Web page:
Former White House housing-finance issue advisor Peter Swire proposed that senior bank officials personally vouch for the quality of their banks’ mortgage documentation process. Swire, now a law professor at Ohio State University, based his proposal on the Sarbanes-Oxley Act, which required certain disclosures to restore faith in financial statements after the Enron and WorldCom scandals.
According to a report in the Wall Street Journal, the proposal calls for a certification process in which senior bankers sign to take responsibility for a bank’s documentation system. Bankers would have good incentive to sign, since refusing could ignite further skepticism by regulators and the public. Swire indicated that the certification, and the act of bankers taking a personal responsibility for the bank, could help to bring an end to the foreclosure crisis.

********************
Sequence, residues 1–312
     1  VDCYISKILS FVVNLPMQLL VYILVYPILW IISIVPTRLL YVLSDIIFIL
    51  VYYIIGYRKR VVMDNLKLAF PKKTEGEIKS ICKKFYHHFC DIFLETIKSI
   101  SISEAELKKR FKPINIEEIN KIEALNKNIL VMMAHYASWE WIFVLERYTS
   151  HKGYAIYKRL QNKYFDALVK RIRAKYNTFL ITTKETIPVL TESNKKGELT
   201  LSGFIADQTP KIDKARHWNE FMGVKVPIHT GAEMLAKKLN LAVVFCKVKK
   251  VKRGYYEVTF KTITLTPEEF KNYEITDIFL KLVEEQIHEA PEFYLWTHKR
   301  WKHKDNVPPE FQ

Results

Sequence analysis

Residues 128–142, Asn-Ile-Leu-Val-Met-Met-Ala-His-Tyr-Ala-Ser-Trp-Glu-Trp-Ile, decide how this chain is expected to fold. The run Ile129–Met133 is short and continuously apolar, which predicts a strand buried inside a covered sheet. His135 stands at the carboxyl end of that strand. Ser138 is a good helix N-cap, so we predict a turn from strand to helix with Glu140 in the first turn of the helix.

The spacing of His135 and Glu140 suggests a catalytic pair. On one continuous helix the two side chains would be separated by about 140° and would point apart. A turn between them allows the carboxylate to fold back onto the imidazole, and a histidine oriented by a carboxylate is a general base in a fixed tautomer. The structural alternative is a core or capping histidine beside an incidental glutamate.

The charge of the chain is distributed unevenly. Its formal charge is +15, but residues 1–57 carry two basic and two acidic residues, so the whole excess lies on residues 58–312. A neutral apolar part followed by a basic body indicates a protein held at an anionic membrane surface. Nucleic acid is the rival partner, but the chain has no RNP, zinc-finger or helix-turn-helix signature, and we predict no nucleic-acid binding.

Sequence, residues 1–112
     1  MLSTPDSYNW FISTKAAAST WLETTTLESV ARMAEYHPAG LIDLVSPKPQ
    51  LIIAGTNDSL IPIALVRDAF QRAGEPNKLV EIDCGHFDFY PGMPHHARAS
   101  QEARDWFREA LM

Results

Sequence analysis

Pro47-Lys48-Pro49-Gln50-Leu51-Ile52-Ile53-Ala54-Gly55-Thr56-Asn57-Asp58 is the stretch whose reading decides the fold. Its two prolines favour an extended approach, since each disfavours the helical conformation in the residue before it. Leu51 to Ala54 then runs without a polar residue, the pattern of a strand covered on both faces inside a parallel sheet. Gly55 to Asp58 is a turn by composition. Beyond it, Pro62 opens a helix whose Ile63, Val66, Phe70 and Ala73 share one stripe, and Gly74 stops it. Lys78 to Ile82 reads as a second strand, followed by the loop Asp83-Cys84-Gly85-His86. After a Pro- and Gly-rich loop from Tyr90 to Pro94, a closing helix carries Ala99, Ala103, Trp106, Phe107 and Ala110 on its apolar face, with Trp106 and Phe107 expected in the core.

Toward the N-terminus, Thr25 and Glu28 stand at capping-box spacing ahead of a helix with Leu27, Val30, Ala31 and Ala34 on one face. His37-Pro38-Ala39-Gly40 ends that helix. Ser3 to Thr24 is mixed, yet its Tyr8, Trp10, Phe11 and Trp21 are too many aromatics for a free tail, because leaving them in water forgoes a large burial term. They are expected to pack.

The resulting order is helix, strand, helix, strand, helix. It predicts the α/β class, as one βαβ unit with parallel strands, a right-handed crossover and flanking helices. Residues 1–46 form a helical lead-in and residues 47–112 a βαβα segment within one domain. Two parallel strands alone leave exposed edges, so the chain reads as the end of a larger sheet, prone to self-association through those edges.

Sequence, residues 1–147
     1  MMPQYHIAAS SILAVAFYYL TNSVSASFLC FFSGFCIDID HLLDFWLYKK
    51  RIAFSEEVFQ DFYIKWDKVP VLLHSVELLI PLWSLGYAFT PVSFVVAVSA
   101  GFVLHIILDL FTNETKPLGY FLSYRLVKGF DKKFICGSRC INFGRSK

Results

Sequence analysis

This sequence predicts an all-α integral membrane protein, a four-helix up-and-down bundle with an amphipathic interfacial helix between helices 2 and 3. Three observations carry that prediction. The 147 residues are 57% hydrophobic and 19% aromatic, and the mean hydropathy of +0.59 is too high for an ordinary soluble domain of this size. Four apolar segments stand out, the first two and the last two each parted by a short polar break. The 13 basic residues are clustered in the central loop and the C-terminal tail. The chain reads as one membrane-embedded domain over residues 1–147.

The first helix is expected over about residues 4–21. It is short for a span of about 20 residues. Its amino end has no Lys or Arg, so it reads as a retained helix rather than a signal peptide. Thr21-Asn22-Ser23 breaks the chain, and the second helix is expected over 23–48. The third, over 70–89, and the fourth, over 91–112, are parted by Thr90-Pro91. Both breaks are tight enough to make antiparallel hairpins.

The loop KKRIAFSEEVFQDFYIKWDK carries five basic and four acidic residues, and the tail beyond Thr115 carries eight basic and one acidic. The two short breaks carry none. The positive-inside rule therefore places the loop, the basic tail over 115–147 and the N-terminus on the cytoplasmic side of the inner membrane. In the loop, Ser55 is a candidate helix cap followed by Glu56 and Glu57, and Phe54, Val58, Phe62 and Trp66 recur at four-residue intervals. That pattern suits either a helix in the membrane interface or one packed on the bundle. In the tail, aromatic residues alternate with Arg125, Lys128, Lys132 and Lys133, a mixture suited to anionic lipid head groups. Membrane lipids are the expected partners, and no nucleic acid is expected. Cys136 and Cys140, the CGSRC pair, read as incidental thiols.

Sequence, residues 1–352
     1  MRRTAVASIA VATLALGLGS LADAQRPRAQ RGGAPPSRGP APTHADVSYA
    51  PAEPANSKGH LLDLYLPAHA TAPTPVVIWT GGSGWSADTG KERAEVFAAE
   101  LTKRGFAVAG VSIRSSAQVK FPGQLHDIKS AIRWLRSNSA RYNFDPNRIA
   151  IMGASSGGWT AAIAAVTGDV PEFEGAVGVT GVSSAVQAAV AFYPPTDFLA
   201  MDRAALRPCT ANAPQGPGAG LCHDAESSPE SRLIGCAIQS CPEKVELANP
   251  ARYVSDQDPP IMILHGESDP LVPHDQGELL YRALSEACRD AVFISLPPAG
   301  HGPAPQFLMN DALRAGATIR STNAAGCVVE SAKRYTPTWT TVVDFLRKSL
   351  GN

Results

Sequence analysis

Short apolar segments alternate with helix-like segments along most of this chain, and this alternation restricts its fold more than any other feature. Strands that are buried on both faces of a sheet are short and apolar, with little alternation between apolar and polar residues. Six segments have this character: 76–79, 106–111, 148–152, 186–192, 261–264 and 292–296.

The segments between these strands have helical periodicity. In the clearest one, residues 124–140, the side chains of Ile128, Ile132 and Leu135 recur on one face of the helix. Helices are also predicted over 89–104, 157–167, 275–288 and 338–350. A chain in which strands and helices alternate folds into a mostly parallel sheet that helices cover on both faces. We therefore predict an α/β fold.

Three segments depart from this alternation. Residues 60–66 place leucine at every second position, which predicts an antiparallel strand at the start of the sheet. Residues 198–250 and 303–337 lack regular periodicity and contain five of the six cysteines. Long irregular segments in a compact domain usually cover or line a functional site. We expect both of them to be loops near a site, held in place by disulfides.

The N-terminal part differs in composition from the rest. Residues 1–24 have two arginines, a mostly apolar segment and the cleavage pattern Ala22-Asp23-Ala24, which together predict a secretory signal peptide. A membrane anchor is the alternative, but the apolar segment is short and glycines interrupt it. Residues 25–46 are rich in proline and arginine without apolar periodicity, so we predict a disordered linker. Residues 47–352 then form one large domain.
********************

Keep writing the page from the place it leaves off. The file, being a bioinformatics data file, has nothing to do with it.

“When there’s a lot of uncertainty and one party knows more than the others, that party is probably the best one to take on the risk,” Swire said in the report. “Banks probably know more than anyone else about what the risks are; they are the best insurers here against this risk.”
Although some industry officials are not convinced Swire’s proposal is the solution to the foreclosure crisis, Bank of America Corp. made an agreement with Fidelity National Financial Inc., the nation’s largest title insurer, which follows the proposal’s ideas. In the deal, Bank of America agreed to provide warranties that will protect Fidelity National Financial from claims coming from any foreclosure errors by the bank.